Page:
The bottom of the flume incorporates a removable false bottom in order to facilitate installation of sediment beds, vegetation boxes flat mounted with the rest of the bottom. Furthermore, the false bottom can be used for the fixation of test subjects, e.g. floating marine renewable energy devices, vegetation models or coastal structures. (4) The design of the wave flume will allow to use it as a breaking wave analogue to simulate the production of marine aerosols, making our saltwater wave flume unique in Europe. By our knowledge there is only one other wave flume (in the USA) designed for this.  That way we can bring the ocean into the lab. Literally.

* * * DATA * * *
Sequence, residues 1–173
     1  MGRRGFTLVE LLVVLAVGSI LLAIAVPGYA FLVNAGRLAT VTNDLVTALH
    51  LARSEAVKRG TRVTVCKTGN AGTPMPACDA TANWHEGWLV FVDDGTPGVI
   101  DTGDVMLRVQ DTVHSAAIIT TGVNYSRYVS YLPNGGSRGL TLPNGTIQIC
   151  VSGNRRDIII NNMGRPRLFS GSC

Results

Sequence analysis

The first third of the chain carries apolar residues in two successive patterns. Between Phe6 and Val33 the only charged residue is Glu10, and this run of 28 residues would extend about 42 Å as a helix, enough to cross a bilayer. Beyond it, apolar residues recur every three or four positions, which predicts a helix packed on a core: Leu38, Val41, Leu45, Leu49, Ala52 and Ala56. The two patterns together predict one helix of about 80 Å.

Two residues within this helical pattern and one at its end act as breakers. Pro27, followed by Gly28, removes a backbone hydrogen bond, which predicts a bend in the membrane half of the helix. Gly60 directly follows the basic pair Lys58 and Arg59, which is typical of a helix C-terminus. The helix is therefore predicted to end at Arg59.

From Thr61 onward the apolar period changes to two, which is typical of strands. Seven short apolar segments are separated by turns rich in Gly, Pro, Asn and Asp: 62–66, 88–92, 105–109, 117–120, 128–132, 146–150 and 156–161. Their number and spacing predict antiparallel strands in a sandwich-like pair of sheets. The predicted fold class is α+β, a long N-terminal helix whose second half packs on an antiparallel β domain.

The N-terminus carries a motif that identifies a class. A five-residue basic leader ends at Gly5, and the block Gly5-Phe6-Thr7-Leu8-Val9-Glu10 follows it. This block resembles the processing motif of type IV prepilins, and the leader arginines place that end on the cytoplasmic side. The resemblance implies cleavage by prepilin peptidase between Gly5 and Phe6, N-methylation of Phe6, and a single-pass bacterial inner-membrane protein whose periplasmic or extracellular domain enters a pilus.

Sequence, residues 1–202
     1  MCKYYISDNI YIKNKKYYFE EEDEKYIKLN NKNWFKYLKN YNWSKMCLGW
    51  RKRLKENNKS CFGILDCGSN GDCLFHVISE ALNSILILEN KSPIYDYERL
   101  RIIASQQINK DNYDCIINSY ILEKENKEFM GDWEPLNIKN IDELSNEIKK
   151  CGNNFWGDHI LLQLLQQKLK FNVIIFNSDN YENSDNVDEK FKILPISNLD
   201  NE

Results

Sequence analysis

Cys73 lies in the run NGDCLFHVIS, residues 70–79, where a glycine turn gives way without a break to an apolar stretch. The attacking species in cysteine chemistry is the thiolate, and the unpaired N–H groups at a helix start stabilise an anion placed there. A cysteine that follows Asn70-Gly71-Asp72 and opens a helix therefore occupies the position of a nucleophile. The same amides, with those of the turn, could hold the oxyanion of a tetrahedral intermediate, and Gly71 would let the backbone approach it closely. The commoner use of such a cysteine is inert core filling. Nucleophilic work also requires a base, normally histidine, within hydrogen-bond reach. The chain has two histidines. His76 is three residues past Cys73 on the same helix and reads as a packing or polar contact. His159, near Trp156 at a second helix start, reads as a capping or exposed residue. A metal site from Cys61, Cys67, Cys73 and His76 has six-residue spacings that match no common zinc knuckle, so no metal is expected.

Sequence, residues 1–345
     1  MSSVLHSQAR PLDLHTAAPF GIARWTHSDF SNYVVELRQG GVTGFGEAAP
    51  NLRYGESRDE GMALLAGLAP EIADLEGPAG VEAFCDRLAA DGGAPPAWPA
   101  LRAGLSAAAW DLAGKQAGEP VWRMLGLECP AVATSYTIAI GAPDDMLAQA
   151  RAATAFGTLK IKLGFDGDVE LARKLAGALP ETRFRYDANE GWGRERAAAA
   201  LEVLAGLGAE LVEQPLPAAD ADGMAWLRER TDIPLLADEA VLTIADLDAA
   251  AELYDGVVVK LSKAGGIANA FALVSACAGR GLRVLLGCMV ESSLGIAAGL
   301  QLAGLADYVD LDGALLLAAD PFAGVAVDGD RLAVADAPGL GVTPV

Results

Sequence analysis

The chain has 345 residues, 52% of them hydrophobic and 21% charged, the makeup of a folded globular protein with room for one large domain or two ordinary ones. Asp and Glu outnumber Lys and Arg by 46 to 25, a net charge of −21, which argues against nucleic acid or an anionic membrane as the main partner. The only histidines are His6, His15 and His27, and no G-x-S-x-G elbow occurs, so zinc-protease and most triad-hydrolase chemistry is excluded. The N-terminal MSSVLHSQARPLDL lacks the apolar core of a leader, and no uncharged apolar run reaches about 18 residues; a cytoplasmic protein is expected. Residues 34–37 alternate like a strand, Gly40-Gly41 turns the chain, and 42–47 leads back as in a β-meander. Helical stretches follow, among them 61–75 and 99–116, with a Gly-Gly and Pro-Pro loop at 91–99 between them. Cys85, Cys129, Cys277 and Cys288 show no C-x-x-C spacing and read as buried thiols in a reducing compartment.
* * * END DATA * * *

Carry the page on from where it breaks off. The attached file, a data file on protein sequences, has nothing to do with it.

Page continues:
This flume will be a huge step forward for many marine and maritime researchers, bridging the gap between small-scale, artificial lab studies and complex, expensive field studies. Some key examples: (1) Climate change and sea level rise requires novel and sustainable solutions to protect coastal populations and safeguard marine ecosystem services. Applied ecological research provides new sustainable nature-based solutions such as biogenic reefs, seagrass and saltmarsh vegetation, dune grass in coastal dune functioning. A key challenge remains how these organisms and organic structures are affected by hydrodynamics (e.g. quality of aquaculture shellfish for human consumption when used in biogenic reefs) and affect hydrodynamics (e.g. stability and resilience against storm surges) under future climate change scenarios, which can be investigated with our wave flume. (2) With respect to the growing number of artificial hard structures in marine ecosystems (e.g. windmills, constructions for coastal protection, offshore aquaculture constructions), interactions with and environmental impacts on marine ecosystems need to be studied to ensure sustainability and protection of environmental health. Crucial research questions include understanding the impact of waves on the artificial structure, combined effect of corrosive seawater and hydrodynamic forces, combined effects of anti-fouling agents and hydrodynamic forces. Our flume will allow to study hydrodynamic forces both on fixed structures (such as constructions for coastal protection) and floating construction (such as solar panels and aquaculture constructions such as for breeding mussels and seaweed). (3) Marine aerosol is one of the most important natural aerosol systems globally. It plays a key role in the earth’s radiation budget, biogeochemical cycling, ecosystems and even regional air quality. Its formation and particularly its organic composition can directly impact human health both positively and negatively. While the inorganic composition, atmospheric and climatological role have been fairly well studied, its organic composition and link with human health remain poorly understood. Recent evidence however has shown that sea spray aerosols can be enriched with marine biomolecules which can be subsequently inhaled by coastal populations at the seashore. Our wave flume will be crucial to truly understand the complex interactions driving the enrichment and concentration of marine biomolecules in sea spray aerosols.